A female journalist training reporters from within war-torn Syria, and a group busting online censorship in China are among this year’s Index on Censorship Freedom of Expression Awards winners.
The winners, announced on Wednesday evening at a gala ceremony in London, also included a Yemen-based street artist and campaigners from Pakistan battling internet clampdowns.
Awards are presented in four categories: arts, journalism, digital activism and campaigning. The winners were: Yemeni street artist Murad Subay (arts), Syrian journalist Zaina Erhaim (journalism), transparency advocates and circumventors of China’s “Great Firewall” GreatFire (digital activism) and the women-led digital rights campaigning group Bolo Bhi (campaigning).
“These winners are free speech heroes who deserve global recognition,” said Index on Censorship CEO Jodie Ginsberg. “They, like all of those nominated, face huge personal and political hurdles in their fight to ensure that others can express themselves freely.”
Drawn from a shortlist of 20, and more than 400 initial nominations, the winners were presented with their awards at a ceremony at The Unicorn Theatre, London, hosted by comedian Shazia Mirza. Music was provided by Serge Bambara – aka “Smockey” – a musician from Burkina Faso who won the inaugural Music in Exile Fellowship, presented in conjunction with the makers of award-winning documentary They Will Have to Kill Us First: Malian Music in Exile. The award was presented by Martyn Ware, founder member of the Human League and Heaven 17.
Actors, writers and musicians were among those celebrating with the winners. The guest list included actor Simon Callow, academic Kunle Olulode, and journalists Lindsey Hilsum, Matthew Parris and David Aaronovitch.
Winners were presented with a framed caricature of themselves created by Malaysian cartoonist Zulkiflee Anwar Haque (“Zunar”), who faces 43 years in jail on sedition charges for his cartoons lampooning the country’s prime minister and his wife.
Each of the award winners becomes part of the second cohort of Freedom of Expression Awards fellows. They join last year’s winners – Safa Al Ahmad (Journalism), Rafael Marques de Morais (Journalism), Amran Abdundi (Campaigning), Tamás Bodoky (Digital activism), Mouad “El Haqed” Belghouat (Arts) – as part of a world-class network of campaigners, activists and artists sharing best practices on tackling censorship threats internationally.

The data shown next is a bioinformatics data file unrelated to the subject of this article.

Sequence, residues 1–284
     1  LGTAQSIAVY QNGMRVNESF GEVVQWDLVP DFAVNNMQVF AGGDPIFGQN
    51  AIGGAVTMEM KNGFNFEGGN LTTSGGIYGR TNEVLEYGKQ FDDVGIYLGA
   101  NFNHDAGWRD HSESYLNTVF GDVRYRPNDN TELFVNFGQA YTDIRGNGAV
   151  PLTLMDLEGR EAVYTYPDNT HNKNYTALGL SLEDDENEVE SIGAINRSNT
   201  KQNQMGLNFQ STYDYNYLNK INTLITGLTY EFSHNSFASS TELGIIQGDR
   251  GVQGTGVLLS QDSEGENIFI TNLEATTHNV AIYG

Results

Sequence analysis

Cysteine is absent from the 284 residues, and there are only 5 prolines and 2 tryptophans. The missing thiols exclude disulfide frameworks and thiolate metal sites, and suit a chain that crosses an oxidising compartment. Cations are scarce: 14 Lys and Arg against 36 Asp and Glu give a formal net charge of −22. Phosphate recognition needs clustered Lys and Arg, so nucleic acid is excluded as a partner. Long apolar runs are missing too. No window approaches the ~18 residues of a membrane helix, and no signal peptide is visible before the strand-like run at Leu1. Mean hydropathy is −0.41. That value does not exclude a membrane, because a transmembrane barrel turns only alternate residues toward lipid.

Through the fellowship, Index works with the winners – both during an intensive week in London and the rest of the awarding year – to provide longer term, structured support. The goal is to help winners maximise their impact, broaden their support and ensure they can continue to excel at fighting free expression threats on the ground.
Judges included human rights barrister Kirsty Brimelow QC; Bahraini campaigner Nabeel Rajab, a former Index award winner; pianist James Rhodes, whose own memoir was nearly banned last year; Nobel prize-winning author Wole Soyinka; tech entrepreneur Bindi Karia; and journalist Maria Teresa Ronderos, director of the Open Society Foundation’s independent journalism programme.
Ziyad Marar, global publishing director of Sage Publications, said: “Through working with Index for many years both as publisher of the magazine and sponsors of the awards ceremony, we at Sage are proud to support a truly outstanding organisation as they defend free expression around the world. Our warmest congratulations to everyone recognised tonight for their achievements and the inspiring example they set for us all.”
This is the 16th year of the Freedom of Expression Awards. Former winners include activist Malala Yousafzai, cartoonist Ali Ferzat, journalists Anna Politkovskaya and Fergal Keane, and human rights organisation Bahrain Center for Human Rights.
2016 Freedom of Expression Awards: The acceptance speeches
Bolo Bhi: “What’s important is the process, and that we keep at it”
Zaina Erhaim: “I want to give this award to the Syrians who are being terrorised”
GreatFire: “Technology has been used to censor online speech — and to circumvent this censorship”
Murad Subay: “I dedicate this award today to the unknown people who struggle to survive”
Smockey: “The people in Europe don’t know what the governments in Africa do.”